What to do with Spent Mushroom Blocks as a small farm?

A handful of rich soil with a green budding plant.

Find a local composter, and do one of the following;

  1. Donate the mycelium blocks for favors,
  2. Sell the mycelium blocks for cash,
  3. Trade the Mycelium Blocks for sawdust or other substrates.

This tip is geared if you have a lot of mushroom blocks and wondering what to do with them- while you are producing more each week (or day even).

-And this applies to Spent Mushroom Blocks, Bags, and Bricks. Basically the necromass of myceliated substrate.

If you pick option 1,

You’ll get a leg up in the community and in theory you’ll be able to get a favor for a favor. Being more connected to local farmers or composters will help out. Perhaps you can do future exchanges or deals? It doesn’t hurt to stick together in a community and learn a few new names, or get friendlier with helping eachother out.

Remember, we’re all in this together, just at different parts. Regardless, we’re all a part of the deal.

If you like dealing in cash, pick option 2,

Composters love Mycelium Blocks as they’re equivalent to gold in the compost world. They can turn your bricks into a more valuable premium compost that they can sell.

This tip has known to help reduce overhead and save some small farms. You’ll be able to make some money back, even if one of your grow room fails. The myceliated bricks can still help out, even if the mycelium is from a fungi that you’re not intending to grow. But ultimately, depending on the type of fungi growth you get, that call is up to the Composter.

If you pick option 3,

It’s an all around win-win. Depending on your geographical region, you’ll have access to different types of cellulous material. From wood to sawdust to maybe even raw coconut shells or even cococoir. You can turn their sawdust or suitable substrate into more mushrooms.

It’s a cycle of trade that helps eachother. The Composter wins, you win, it’s a win-win.

Just be advised that not all sawdust is created equal. Nor are all substrates created equal, so hopefully you’ve got a good lot number tracking system to find out what works and what doesn’t. Depending on what mushrooms you’re trying to grow, they can be picky eaters, and they may prefer harder wood or softer wood or some other nuanced factor that you’re probably tracking in five different notebook journals near your lab.

In theory,

Depending on the value of the trade, and being fair and whatnot. You might be able to sell spent mushroom logs or mycelium bricks of necromass, AND get sawdust. So, depending on your favors and negotiation skills, you might be able to pick hidden secret option 4, which is all of the above or atleast a combination of options 2 and 3.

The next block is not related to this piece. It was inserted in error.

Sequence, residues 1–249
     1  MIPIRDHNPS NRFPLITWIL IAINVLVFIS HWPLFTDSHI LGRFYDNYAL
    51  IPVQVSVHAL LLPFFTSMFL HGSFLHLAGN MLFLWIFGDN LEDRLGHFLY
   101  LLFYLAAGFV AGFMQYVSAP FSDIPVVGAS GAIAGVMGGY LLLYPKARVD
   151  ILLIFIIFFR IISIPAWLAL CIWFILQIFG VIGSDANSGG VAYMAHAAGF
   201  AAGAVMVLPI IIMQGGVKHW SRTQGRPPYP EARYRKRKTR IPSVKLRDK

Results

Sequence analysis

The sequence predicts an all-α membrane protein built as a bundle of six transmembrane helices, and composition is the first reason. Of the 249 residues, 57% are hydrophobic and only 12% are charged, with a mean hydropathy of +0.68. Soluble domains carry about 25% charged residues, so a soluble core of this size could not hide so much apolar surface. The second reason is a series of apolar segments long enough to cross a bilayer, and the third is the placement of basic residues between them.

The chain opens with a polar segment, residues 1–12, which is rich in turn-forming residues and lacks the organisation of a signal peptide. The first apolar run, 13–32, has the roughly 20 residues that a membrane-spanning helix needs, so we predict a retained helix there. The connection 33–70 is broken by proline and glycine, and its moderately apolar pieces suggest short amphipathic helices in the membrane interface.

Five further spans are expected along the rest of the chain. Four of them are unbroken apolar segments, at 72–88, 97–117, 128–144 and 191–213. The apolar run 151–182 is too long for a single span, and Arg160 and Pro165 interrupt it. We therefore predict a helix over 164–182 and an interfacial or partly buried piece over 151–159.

This tip was inspired by,

The MycoWizards Podcast. I was able to gleem a valuable piece of information, since a lot of people typically just donate their mycelium blocks to whomever wants to take them. In one of the earlier episodes, some small farms were able to get by simply lowering their costs by doing this.

If you don’t know whose buying up the sawdust or compost, try asking the lumber mills or graineries where they send their extra ‘trimmings’. Chase a lead, I’m sure you’ll find someone that may be remotely interested. -And I do mean remotely, you might have to ship your mycelium blocks further than your local town if it comes to it. People will pay for the shipping, and if you deliver it yourself (as you pick up your sawdust or substrate), you might be able to pocket the shipping.

If you’re still not having any luck finding composters, try Green Paper Products’ Compost locater. They have a few selections for every state. Again, I recommend finding what’s local to you by going through your communities, but if you get no cigar, then you might as well use the internet and search engines.

To Recap,

If you’re a small farm with more spent mushroom blocks than gardening or farm space, it’s better to giveaway, sell, or trade your spent blocks to dedicated composters. There’s a feedback of synergy if you do it right, and this will ultimately help to reduce the overall costs.

If you don’t create a surplus of spent mushroom blocks and aren’t a small farm, you can go ahead and bury your spent blocks in the garden for more flushes or in hopes of a better fertilizer of sorts for your plants.

Anyways, here’s another great tip I also learned from MycoWizards;

Successful farms say: “we’ve made enough to farm another year”

Hopefully this helps you in your endeavors (or a friend you know). I wish you the best of luck!

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